The STB computer program 174 can contain instructions to receive many types of user preferences from the domain controller 146 via the access network 166. For example, the STB computer program 174 can include instructions to receive a request to record at least one television program at a video content storage module such as a digital video recorder (DVR) 182 within the second set-top box device 124. In this example embodiment, the STB computer program 174 can include instructions to transmit the request to the DVR 182, where the television program(s) are recorded. In an illustrative embodiment, the STB computer program 174 can include instructions to receive from the DVR 182 a recording status with respect to one or more of the television programs and to transmit at least one message regarding the status to a wireless device, such as the cellular telephone 184. The message can be received at the CFT switch 130, for instance, and communicated to the domain controller 146 across the private network 110 via the second APP switch 140. Further, the domain controller 146 can transmit the message to the wireless data network 176, directly or via the public network 112, and on to the wireless network access point 178. The message can then be transmitted to the cellular telephone 184. In an illustrative embodiment, the status can be sent via a wireless access protocol (WAP).

FIG. 2 shows a multicast tree 200 for distributing digital content through a network, such as IPTV system 100. Multicast tree 200 can include a server 202, such as VoD server 136, and client systems 204 through 218, such as STB 128. Server 202 and client systems 204 through 218 can communicate through a network of distribution points 220 through 230. The distribution points 220 through 230 may be routers. Alternatively, the distribution points 220 through 230 may be nodes of an overlay network. For example, communication from server 202 can travel through distribution points 220, 224, and 226 to client system 208 while communication from server 202 can travel through distribution points 220 and 230 to client 216.

Server 202 can use IP multicast to substantially simultaneously distribute VoD content, such as a movie or pay-per-view sporting event, to the client systems 204 through 218. The VoD content can be divided into multiple data packets. Using IP multicast, the server 202 can send one copy of each data packet. The distribution points 220 through 230 can create copies where the paths to the destinations split. For example, server 202 can send a multicast data packet to distribution point 220. Distribution point 220 can send a copy of the data packet to each of client 204, distribution point 224, and distribution point 230. Similarly, distribution point 230 can send a copy of the data packet to each of client systems 216 and 218, and distribution point 224 can send a copy of the data packet to each of distribution points 226 and 228. Further, distribution point 226 can send a copy of the data packet to each of client systems 206 and 208 and distribution point 228 can send a copy of the data packet to each of client systems 210, 212, and 214.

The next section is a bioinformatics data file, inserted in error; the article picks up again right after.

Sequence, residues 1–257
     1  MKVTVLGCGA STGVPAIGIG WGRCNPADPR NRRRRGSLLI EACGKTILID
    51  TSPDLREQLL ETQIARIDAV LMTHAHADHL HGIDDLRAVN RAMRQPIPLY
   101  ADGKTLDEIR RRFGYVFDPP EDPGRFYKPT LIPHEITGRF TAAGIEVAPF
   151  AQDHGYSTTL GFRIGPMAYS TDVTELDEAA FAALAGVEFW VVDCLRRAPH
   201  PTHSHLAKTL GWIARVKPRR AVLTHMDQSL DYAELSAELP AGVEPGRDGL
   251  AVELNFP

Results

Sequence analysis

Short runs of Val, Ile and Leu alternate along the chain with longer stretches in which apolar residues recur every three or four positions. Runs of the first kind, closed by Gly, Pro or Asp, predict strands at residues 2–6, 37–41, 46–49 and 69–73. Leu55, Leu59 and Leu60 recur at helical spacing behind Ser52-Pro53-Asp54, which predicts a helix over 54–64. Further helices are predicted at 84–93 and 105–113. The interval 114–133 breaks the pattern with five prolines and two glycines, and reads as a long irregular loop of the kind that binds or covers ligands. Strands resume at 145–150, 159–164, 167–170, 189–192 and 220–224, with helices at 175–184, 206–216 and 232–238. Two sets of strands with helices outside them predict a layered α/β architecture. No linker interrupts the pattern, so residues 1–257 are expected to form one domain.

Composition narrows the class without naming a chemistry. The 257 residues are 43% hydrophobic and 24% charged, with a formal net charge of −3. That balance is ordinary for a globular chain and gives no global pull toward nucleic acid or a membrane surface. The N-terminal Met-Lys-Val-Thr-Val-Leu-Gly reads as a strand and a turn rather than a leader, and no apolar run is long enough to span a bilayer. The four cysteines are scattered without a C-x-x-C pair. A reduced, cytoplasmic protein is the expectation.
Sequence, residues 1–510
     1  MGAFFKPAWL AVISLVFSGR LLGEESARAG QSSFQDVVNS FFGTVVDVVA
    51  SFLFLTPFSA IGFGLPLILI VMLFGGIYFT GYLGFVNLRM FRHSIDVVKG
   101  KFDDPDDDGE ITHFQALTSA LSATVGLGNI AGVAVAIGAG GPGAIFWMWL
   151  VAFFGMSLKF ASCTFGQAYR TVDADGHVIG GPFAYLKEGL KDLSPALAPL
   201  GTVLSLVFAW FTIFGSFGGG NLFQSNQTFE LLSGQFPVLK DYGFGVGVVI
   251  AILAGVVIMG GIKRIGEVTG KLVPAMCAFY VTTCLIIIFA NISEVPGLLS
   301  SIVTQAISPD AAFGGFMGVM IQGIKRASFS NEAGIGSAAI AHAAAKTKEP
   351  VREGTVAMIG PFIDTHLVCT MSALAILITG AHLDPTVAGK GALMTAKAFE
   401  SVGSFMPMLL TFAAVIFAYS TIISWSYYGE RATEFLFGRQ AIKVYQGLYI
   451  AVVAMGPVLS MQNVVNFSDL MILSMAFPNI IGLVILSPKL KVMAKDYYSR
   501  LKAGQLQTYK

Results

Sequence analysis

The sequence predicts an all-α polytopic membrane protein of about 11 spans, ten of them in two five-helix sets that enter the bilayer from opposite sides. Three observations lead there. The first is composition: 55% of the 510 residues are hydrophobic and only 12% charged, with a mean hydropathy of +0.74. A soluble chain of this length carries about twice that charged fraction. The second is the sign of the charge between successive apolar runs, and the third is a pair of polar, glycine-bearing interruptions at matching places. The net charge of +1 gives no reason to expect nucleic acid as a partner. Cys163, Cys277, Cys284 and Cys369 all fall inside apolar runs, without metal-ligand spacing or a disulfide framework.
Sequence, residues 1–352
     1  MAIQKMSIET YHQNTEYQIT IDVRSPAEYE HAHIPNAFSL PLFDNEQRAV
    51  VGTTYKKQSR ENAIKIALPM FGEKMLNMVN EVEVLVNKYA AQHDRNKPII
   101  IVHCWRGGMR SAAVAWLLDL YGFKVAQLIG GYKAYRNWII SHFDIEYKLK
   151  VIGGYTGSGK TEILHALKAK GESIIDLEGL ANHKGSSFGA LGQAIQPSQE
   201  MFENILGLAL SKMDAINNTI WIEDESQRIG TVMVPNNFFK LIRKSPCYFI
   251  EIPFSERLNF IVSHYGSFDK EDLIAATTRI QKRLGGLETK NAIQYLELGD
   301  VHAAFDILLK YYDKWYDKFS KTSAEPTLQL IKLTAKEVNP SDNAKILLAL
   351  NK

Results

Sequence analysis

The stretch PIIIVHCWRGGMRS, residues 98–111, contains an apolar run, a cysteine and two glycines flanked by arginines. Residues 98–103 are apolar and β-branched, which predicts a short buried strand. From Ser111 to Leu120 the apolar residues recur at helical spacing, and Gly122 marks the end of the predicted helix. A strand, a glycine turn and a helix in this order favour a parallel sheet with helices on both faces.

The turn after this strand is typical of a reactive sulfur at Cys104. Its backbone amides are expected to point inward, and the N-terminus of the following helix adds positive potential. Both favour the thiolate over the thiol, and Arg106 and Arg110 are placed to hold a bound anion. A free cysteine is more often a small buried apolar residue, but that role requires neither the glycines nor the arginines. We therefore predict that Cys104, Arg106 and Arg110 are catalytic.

FIG. 3 shows a flow diagram for providing a multicast stream for VoD content. At 302, a VoD server, such as VoD server 136, can receive a request from an STB A, such as STB 124. The request can identify VoD content requested by a viewer. At 304, the VoD server can initiate a unicast stream of the VoD content to STB A. At 306, the VoD server can receive a request from an STB B for the VoD content. At 308, the VoD server can initiate a multicast stream of the VoD content and instruct STB A and STB B to join the multicast stream. The multicast stream can stream content from the current viewing point of STB A. At 310, the VoD server can notify STB B of an offer to miss a prior portion of the content. The offer can include an incentive for the viewer to skip the prior portion of the content, such as a discount on the purchase price of the VoD content. When the viewer declines the offer, the server initiates a unicast to provide fill-in content to STB B, as illustrated at 312. The fill-in content can be the prior portion of the VoD content. Additionally, the VoD server can provide STB B with information about the multicast stream, such as the current timestamp, such that STB B can cache the multicast stream and combine the unicast stream with the multicast stream for playback. Alternatively, when the viewer accepts the offer to skip the prior portion of the VoD content, the VoD server does not need to provide a unicast stream of the prior portion of the VoD content.